by Nick Gromicko
Bat houses are man-made boxes designed to provide shelter for bats.
Why would a homeowner want to install a bat house?
- As housing developments expand into animal habitats and forests are cleared for logging and development, bats are having a harder time finding natural places to roost. Bat houses provide shelter for these troubled mammals.
- Bats are an effective, natural and safe method of pest control. A single brown bat can consume up to 600 mosquitoes, beetles and moths per hour, many of which would otherwise wind up in and around houses where they destroy wood, fabric and food, and annoy building occupants and potentially spread disease.
- Bats roosting in the attic of a house may leave for a nearby bat house, saving the homeowner the trouble of harming the bats or forcing them to move.
Requirements for Bat Houses
- The house’s interior should be roughened and grooved at least every 1/4-inch, or have attached polyethylene plastic mesh.
- The house should be at least 24 inches tall, 13 inches wide and 3 inches deep.
- There must be an opening at the base of the house so the bats can get in and out. The hole should be ¾-inch to 1 inch, but no larger, as it may permit the entry of predators.
- Construct the house using screws to help prolong its life.
- Caulk the house to keep the bats warm and dry.
- Place the house at least 15 feet up and facing a south to southeasterly direction (in the northern hemisphere) in a location where it will receive at least six hours of sunlight daily. If the bat house is not getting adequate sunlight, you can paint it with non-toxic, black paint so that sunlight is more readily absorbed. Never paint the inside of the house.
- Mount the bat house atop a garage, pole, barn or house, and make sure that there are no obstacles to prevent the bats from entering the house. Trees may also host bat houses, as long as there are no leaves and branches that make the house hard for the bats to find.
Bat houses may fail due to the following reasons:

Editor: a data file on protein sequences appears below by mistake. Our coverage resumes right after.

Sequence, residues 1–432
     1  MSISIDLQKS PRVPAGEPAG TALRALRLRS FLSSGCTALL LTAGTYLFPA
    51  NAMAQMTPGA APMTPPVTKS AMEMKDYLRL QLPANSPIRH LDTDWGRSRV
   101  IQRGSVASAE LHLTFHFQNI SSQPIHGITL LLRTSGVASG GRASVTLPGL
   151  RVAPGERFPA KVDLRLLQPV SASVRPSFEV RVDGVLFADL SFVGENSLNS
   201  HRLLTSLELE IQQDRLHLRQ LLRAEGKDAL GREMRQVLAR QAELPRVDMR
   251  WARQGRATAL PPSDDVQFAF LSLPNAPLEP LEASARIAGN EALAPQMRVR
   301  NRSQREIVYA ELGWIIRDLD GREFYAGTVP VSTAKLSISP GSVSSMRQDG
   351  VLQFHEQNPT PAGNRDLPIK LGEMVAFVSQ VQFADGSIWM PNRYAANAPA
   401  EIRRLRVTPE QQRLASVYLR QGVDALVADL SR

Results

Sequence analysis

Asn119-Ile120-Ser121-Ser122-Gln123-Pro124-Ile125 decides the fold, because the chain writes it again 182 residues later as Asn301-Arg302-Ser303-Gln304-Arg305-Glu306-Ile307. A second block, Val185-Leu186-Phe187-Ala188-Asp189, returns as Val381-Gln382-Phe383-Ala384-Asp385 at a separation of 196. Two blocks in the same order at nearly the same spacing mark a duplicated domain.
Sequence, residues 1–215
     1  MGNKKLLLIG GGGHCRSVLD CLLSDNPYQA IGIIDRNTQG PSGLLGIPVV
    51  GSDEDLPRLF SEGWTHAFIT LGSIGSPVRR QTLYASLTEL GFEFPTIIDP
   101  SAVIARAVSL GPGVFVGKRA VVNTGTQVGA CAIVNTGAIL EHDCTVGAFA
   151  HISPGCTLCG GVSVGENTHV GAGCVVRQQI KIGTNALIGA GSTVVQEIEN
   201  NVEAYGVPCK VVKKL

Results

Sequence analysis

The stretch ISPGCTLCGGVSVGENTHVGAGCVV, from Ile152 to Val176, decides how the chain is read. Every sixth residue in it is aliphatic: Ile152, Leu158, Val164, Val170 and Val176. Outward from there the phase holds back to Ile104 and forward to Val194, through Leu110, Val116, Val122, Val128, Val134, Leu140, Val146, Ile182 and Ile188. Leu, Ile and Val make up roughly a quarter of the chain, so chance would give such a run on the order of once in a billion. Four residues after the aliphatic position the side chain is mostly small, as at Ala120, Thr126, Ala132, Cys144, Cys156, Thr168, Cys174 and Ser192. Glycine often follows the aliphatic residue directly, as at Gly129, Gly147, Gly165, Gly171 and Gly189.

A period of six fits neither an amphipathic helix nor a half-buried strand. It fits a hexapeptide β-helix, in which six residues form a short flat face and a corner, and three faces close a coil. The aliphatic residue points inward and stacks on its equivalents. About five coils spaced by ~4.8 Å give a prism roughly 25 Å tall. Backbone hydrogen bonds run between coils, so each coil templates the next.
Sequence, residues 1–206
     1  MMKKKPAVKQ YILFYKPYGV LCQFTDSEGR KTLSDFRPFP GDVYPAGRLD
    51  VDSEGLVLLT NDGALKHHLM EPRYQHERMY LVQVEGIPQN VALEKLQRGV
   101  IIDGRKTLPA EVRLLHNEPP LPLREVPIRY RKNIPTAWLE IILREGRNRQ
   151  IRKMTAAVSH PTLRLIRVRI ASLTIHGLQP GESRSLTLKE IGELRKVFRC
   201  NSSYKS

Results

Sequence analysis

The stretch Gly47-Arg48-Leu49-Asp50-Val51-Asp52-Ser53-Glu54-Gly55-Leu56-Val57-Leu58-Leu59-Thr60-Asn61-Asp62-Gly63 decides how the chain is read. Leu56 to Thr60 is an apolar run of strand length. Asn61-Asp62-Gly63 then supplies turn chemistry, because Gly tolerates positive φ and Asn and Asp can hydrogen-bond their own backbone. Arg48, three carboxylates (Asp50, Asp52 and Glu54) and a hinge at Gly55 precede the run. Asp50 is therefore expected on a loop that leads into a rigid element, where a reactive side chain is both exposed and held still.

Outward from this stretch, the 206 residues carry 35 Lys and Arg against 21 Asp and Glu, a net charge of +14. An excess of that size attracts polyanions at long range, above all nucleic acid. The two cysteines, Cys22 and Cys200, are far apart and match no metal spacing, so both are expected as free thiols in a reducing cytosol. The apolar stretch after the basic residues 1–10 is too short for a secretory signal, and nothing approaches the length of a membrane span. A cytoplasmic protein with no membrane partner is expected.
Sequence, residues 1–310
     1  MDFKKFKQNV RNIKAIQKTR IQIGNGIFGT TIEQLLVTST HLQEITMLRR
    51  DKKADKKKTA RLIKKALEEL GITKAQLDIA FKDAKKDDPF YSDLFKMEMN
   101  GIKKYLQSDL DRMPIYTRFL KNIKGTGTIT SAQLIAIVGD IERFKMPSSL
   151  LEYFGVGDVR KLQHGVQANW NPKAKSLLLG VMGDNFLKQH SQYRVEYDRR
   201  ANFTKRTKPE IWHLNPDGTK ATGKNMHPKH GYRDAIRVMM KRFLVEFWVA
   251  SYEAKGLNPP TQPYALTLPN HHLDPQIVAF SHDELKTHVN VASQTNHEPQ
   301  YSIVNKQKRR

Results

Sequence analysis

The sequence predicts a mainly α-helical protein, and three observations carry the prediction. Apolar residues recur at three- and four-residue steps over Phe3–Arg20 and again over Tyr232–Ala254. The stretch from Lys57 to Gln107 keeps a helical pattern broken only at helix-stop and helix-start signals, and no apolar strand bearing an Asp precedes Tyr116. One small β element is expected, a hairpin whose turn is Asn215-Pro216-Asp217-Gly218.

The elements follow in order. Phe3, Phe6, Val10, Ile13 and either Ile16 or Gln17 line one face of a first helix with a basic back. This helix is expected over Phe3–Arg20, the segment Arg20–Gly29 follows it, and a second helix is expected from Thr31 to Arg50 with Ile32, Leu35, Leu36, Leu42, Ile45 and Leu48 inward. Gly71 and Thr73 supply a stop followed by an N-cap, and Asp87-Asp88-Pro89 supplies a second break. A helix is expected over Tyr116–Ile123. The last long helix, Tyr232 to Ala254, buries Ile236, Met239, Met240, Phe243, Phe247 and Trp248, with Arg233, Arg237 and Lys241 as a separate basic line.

- The interior is smooth. All interior wood must be roughened so the bats can easily cling. Commercial bat boxes often contain stapled screening that may eventually come loose due to urine and condensation.
- The roof is unprotected. Roofs that lack shingles may last only a few seasons, eventually losing their ability to retain heat and falling into disuse.
- The house was nailed together and its seams are separating. Unscrewed, unsealed boxes may warp and separate, allowing unwanted ventilation.
- There is only one chamber. Bats prefer larger boxes with a wide range of temperatures that are provided by multiple chambers.
- The house is too large. Houses that are too large or contain too many chambers may become overcrowded and unhealthy.
- It was constructed using outdated plans. Bat house construction books, flyers and posters published long ago that are still being circulated may contain inaccurate information.
- Recycled lumber was used, which may contain pesticide residue.
- The bat house suffers from insufficient maintenance. Bat houses should be inspected periodically, especially for wasps and broken seams.
- The box was poorly placed. Avoid placement of bat boxes in any of the following locations:
- in a shady location, such as attached to a home beneath the eaves or on a tree;
- far from a permanent body of water, such as a stream or pond;
- above a shiny surface, such as flashing or a pan used to collect guano (feces);
- near a source of smoke;
- in the path of strong wind;
- where it may be vandalized. If a neighborhood kid shakes the box to watch the bats fly out, they are likely to seek shelter elsewhere; or
- along a road, where the bats are exposed to the noise and danger of traffic.
In summary, bat houses are helpful environmental measures if they are constructed in a manner that conforms to the bats’ habits.